THE EBB AND FLOW OF TRANSITION

Gary GruberLeadership DevelopmentTHE EBB AND FLOW OF TRANSITION

THE EBB AND FLOW OF TRANSITION

Two recent “events” have given me pause to consider how they are real and symbolic regarding what is the constant in our lives, and that is, of course, change.  We are all about change of one kind or another, most of the time.  Some are big changes, really big life changes and some are small changes, shifts in the way we do things, moving from place to place, and even the smallest kind of thing like a haircut.
The most recent change for us is a move from our home and six acres on the Chama River in northern New Mexico.  We moved from a 2800 square foot house, chock a block full of furniture, art and personal effects into our motor home of 320 square feet of living space.  If we were in a warmer climate, which we will be soon, we could add the outside patio, but right now, it’s 27 degrees out there.  Never mind what we did with all the stuff.  It went into storage until we feel like dealing with it, probably in the late Spring or Summer.
We also had a barn full of more stuff and several other buildings.  They were used for storing equipment including a tractor and mowers, tools, garden supplies, chickens and donkeys, all requiring care and maintenance.  We figured that after nine years there, enjoying the wonderful scenery and the rural, remote location, it was time to move on to other activities including our desire for more mobility.  Less to take care of seemed appealing.
While that may seem like a big change, and in many respects it is, much of it is within our control.  Some life changes appear outside of our control and those can seem overwhelming and demand that we respond in order to survive.  When my wife was 37, she suffered an aneurysm followed by a stroke, life threatening and terribly difficult.  However, she decided to make some big changes, survived, and developed her own radical theory of disease and healing and has lived on 29 years including a bout with cancer 5 years ago while we were in London. The treatment, along with her attitude, was effective and successful.
The more recent cancer story in our family is about a sister-in-law, diagnosed a little more than a year ago with kidney and uterine cancers, apparently separate and unrelated but that’s hard to reconcile.  She had major surgery at a world-renown cancer center in Texas, and then suffered the treatments of chemo and radiation therapies.  This past Christmas Eve while in Italy with some family members, a brain tumor, metastasized from the uterine cancer, was detected and needed immediate attention.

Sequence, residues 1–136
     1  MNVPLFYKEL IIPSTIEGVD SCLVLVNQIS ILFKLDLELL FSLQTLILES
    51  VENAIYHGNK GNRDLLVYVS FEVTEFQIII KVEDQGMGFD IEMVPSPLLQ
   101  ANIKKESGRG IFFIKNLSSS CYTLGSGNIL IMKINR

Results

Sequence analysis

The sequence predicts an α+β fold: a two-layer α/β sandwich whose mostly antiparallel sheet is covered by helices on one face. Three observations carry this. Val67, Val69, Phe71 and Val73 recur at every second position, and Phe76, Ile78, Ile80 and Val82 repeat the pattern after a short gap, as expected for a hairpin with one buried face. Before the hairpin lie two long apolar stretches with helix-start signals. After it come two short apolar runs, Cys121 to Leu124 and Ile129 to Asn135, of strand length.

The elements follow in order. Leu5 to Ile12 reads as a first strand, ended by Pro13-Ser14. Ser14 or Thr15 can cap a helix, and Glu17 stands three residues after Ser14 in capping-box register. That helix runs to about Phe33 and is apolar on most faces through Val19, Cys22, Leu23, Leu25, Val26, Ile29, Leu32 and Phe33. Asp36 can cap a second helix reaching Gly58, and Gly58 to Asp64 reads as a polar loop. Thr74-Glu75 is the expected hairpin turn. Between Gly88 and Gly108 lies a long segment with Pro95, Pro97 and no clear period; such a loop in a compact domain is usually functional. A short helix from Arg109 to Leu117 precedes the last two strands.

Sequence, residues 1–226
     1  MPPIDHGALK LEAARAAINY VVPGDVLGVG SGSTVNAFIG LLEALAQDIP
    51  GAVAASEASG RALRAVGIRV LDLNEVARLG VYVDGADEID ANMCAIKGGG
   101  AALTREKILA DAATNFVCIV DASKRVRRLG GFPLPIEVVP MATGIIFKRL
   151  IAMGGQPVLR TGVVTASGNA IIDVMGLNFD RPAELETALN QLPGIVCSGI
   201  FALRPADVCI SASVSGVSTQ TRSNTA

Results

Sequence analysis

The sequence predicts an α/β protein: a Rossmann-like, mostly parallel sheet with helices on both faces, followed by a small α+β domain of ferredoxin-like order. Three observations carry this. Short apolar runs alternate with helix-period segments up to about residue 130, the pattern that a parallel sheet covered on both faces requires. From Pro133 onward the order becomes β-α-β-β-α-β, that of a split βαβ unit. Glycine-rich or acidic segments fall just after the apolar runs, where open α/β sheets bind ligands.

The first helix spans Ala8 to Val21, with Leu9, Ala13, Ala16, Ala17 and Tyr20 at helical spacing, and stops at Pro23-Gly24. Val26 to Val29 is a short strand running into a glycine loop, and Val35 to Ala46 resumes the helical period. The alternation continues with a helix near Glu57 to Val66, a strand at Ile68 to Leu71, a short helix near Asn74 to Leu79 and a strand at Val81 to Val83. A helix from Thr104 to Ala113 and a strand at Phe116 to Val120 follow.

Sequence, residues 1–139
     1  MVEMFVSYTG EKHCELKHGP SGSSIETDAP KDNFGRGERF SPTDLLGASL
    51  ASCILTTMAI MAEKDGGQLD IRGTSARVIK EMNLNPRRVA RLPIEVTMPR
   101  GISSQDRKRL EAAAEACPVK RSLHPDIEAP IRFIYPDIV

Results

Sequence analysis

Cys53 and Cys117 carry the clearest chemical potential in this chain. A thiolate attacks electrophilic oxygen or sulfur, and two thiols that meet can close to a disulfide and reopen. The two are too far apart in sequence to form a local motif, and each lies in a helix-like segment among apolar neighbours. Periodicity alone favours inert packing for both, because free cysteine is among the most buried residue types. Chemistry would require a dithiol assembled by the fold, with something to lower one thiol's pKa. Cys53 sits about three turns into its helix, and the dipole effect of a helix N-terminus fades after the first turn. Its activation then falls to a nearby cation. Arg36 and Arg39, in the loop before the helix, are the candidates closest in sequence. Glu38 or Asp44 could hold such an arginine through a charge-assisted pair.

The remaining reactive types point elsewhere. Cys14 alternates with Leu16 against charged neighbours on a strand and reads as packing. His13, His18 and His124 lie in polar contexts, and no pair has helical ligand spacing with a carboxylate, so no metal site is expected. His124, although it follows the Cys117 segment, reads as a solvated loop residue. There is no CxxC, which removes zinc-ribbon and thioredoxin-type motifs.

A quick flight back to Houston, more surgery to remove the newfound tumor and Voila she is on yet another road to recovery.  These life interruptions are not only upsetting and annoying; they are painful, and debilitating.  Changing one’s life to include treatment for cancer is an enormous adjustment to say the least.  The support, care and love of family members are therapeutic in themselves and the personal adjustments required to adapt to this change include significant physical, mental, emotional and spiritual exercises, along with various drug protocols.
The highs and lows of the emotional roller-coaster represent more change than one would normally like to deal with.  However, we need to understand and accept that this ebb and flow are the norm and weave these strands of irregularities into the tapestry of our lives.  We can learn to expect the unexpected, anticipating that there will inevitably be these life-threatening, life-changing experiences at some time (or times) in our lives and build up a bank account of personal resources upon which we can draw when needed.
The real question is not why did this happen, although there are those who like to speculate and search for reasons, perhaps in order to put the blame on some genetic or environmental flaw.  The better question is what will you make of it and how will you respond?  How will you be an active participant in your treatment, not merely a passive recipient?  Knowing that you are the major player in the ebb and flow of transition can make a big and positive difference in the outcome.  

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